Friday, August 30

Select the rows which have the max/min value in a table. Mysql.

I think I am the first one to solve this problem, perfectly. At least, independently.

These 2 StockExchange questions describes the issue pretty well:


Here is a sample table:

personid, value, date_of_service
1,  23,  2013-01-05
2,  24,  2013-01-01
2,  25,  2013-01-02
1,  26,  2013-01-03
1,  27,  2013-01-04
1,  28,  2013-01-04
1,  29,  2013-01-05

Now we want to get the latest value for each person, that would be
2,  25,  2013-01-02
1,  23,  2013-01-05  or 1,  29,  2013-01-05
(person 1 have 2 values for the same date. now we just want to get either one of them.)

The previous solution I found was:

select personid, value, date_of_service from table test join
       (select personid, max(date_of_service) as maxdate from test
group by personid) a
on test.personid=a.personid and test.date_of_service=a.maxdate;
The result actually contains 3 rows:
1,  23,  2013-01-05
2,  25,  2013-01-02
1,  29,  2013-01-05

It is not bad. Get the job done. The join is not very efficient because the table was visited twice, and the join created (n*m) records. This is actually one of the official answers from MySQL. The other 2 official answers are the same good (or bad) as this one.

The two StackExchange pages give the concepts of "max(my_date) over (partition by userid) max_my_date" and "MAX(value) KEEP (DENSE_RANK FIRST ORDER BY date DESC)", but they are Oracle or MS SQL Server concepts, not available in MySQL. With some more help from Xaprb and Madhivanan, I am able to come up with a clean solution:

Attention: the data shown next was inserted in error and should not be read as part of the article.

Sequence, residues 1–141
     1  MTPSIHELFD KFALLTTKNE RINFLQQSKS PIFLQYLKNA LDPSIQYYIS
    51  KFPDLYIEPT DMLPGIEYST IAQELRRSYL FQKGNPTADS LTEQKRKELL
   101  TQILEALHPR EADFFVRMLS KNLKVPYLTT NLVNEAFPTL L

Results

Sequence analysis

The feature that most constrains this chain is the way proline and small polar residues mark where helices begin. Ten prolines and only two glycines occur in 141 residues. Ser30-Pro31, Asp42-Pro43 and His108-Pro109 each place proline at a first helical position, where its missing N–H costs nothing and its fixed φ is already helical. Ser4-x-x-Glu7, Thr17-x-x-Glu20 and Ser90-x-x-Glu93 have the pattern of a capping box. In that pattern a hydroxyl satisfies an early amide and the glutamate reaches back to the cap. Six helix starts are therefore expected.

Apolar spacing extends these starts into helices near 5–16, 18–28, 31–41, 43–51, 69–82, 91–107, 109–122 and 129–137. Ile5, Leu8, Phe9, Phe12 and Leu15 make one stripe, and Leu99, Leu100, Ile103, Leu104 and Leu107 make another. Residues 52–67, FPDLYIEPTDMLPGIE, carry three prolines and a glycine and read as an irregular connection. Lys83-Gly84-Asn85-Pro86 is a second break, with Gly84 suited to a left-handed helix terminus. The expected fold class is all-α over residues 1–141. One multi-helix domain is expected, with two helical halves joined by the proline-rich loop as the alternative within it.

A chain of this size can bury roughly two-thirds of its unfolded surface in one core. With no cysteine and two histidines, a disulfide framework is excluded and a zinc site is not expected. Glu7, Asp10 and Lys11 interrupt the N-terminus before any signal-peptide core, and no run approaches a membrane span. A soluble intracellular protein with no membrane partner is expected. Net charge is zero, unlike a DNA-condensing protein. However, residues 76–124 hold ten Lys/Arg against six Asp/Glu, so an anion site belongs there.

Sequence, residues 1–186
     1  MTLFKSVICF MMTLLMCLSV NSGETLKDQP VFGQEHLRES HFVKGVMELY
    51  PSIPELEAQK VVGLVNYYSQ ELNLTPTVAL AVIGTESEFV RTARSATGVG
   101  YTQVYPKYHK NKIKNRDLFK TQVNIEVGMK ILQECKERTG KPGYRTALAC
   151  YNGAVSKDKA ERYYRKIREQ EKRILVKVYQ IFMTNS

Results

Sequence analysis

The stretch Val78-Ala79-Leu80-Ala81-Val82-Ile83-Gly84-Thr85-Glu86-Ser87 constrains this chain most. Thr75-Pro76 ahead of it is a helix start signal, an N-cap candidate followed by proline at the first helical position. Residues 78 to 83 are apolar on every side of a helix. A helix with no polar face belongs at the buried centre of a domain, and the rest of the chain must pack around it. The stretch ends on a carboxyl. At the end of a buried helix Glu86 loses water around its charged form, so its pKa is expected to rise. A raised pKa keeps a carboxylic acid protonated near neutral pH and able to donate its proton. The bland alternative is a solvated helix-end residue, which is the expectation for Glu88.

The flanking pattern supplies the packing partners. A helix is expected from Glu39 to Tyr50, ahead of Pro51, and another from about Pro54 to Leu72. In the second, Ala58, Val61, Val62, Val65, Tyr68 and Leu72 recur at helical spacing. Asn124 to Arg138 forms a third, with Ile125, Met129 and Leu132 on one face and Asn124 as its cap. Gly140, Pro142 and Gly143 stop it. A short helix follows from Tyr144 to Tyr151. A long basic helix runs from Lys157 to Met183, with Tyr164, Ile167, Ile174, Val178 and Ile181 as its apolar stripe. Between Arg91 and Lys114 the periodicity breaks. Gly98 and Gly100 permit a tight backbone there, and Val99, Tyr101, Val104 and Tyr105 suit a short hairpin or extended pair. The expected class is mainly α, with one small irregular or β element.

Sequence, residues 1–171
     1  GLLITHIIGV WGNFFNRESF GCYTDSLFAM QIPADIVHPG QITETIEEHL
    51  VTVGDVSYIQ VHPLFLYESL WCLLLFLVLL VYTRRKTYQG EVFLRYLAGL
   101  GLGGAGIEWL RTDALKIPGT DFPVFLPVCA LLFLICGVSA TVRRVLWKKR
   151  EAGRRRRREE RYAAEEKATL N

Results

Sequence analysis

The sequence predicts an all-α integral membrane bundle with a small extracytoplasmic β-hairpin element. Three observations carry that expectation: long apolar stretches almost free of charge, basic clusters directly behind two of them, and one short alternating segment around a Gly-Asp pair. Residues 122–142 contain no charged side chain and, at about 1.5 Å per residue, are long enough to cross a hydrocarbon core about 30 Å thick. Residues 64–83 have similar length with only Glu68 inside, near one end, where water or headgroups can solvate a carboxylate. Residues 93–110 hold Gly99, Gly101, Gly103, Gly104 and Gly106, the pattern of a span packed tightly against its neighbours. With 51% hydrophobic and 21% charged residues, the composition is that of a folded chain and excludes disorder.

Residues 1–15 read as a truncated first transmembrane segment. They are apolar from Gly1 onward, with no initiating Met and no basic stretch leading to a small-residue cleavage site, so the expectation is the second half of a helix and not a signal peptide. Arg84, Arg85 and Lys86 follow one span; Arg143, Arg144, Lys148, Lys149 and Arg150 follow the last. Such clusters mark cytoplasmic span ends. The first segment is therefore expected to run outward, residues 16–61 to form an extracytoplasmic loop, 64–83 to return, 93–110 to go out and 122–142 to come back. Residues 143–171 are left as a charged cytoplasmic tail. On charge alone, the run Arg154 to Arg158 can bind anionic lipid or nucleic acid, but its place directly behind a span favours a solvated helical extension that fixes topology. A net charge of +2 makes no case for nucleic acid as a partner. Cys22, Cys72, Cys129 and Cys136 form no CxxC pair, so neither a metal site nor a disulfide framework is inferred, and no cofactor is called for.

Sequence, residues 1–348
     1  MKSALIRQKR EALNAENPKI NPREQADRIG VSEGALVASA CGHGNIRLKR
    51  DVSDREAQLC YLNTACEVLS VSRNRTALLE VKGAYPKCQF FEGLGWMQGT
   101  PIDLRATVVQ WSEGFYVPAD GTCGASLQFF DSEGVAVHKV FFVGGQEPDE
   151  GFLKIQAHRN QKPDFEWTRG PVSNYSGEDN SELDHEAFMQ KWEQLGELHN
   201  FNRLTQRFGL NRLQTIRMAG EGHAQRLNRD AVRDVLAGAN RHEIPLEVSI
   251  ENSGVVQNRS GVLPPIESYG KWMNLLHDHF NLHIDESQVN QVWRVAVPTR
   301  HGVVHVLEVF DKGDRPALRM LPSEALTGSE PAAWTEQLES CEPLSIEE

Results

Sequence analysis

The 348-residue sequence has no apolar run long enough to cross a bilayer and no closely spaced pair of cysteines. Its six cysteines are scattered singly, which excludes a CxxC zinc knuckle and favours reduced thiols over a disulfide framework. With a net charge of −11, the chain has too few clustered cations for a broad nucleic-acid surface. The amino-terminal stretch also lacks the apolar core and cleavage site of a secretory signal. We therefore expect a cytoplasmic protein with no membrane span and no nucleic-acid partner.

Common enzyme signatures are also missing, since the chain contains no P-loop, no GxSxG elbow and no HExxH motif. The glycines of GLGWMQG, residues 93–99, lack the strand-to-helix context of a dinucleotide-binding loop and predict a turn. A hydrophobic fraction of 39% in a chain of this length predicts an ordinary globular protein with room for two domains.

First,
select @sno:= case when @pid<>personid then 0
                    else @sno+1
    end as serialnumber,
@pid:=personid as personid, value, date_of_service
from test
order by personid, date_of_service desc
We get:
serialnumber, personid, value, date_of_service
0, 1,  23,  2013-01-05
1, 1,  29,  2013-01-05
2, 1,  27,  2013-01-04
3, 1,  28,  2013-01-04
4, 1,  26,  2013-01-03
0, 2,  25,  2013-01-02
1, 2,  24,  2013-01-01

You can see that I added "rank" for each row of same person, order by date desc. Another person will have ranks, starting from 0 again.
So the final solution is
select * from ( the previous sql statement) where serialnumber=0

and we get:
0, 1,  23,  2013-01-05
0, 2,  25,  2013-01-02

Yeah! It works! Compare to the previous solution, this one only visit the table once.

If you want to get the earlest value, you just need to order by personid, date_of_service (without desc); If you want to the the date that it gets the highest value, change the order to personid, value desc. As long as you can make the serialnumber (rank) as 0 for your interest variable, you get it.

If you want to get the two record of the last day for person 1, (1,  23,  2013-01-05) and (1,  29,  2013-01-05), then you need to modify the sql not to grow @sno if the date is the same. You can do the homework.

Seriously, I think I am the first one to crack this problem in MySql.

Happy Hacking!


1 Comments:

At April 24, 2014 9:15 AM, Blogger Unknown said...

May be u are.. :)

Any way good work mate..

Its serious time for MySQL team to consider about implementing RANK() and DENSE_RANK() as inbuilt functions.

 

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